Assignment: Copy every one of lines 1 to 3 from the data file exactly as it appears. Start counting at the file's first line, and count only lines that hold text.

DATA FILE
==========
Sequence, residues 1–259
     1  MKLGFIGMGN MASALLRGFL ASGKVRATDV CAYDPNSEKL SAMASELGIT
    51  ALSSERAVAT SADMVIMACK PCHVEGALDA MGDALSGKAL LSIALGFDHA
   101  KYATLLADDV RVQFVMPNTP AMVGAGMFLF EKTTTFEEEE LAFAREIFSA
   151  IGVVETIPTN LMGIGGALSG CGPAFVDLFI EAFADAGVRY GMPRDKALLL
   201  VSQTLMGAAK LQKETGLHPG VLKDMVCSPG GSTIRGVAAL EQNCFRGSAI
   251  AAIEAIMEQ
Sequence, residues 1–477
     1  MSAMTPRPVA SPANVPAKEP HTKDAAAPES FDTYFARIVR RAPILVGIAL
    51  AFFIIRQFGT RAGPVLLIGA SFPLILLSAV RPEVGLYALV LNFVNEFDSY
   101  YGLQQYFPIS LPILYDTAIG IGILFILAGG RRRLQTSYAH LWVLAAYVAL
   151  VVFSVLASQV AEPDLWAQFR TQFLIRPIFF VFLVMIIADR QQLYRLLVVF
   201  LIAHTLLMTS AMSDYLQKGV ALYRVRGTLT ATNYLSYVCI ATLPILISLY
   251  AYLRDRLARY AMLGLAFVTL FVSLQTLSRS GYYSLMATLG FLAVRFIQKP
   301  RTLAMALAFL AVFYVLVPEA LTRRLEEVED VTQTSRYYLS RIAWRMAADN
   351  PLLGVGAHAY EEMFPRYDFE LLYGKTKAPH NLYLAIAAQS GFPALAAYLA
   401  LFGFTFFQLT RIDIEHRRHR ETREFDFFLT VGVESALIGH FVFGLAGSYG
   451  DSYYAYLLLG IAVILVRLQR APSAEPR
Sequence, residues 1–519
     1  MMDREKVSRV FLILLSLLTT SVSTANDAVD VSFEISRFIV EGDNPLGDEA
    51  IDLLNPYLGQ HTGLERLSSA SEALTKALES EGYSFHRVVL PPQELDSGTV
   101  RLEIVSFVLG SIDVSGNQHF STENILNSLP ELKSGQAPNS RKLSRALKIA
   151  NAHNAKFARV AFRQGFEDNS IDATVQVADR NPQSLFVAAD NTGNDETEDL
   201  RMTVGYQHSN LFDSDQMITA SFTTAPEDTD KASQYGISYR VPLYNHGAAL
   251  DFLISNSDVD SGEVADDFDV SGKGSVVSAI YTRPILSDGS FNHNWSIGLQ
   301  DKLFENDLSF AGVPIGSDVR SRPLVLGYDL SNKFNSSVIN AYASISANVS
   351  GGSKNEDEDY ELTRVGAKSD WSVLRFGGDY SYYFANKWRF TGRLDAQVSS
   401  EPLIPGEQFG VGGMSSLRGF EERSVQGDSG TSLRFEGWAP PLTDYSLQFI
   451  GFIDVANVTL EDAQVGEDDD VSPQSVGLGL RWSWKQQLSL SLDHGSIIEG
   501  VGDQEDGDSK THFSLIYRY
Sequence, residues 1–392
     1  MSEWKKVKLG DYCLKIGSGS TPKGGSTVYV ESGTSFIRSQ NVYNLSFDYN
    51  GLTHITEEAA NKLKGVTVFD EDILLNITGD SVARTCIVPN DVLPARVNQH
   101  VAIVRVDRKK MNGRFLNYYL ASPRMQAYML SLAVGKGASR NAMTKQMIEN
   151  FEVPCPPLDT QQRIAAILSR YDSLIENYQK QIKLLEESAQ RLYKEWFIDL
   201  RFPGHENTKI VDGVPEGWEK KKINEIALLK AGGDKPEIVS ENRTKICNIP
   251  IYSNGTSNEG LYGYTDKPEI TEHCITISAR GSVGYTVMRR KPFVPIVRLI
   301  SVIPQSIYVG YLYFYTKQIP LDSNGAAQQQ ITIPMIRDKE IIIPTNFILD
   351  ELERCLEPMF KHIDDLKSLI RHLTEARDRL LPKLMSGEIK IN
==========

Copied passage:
Sequence, residues 1–259
     1  MKLGFIGMGN MASALLRGFL ASGKVRATDV CAYDPNSEKL SAMASELGIT
    51  ALSSERAVAT SADMVIMACK PCHVEGALDA MGDALSGKAL LSIALGFDHA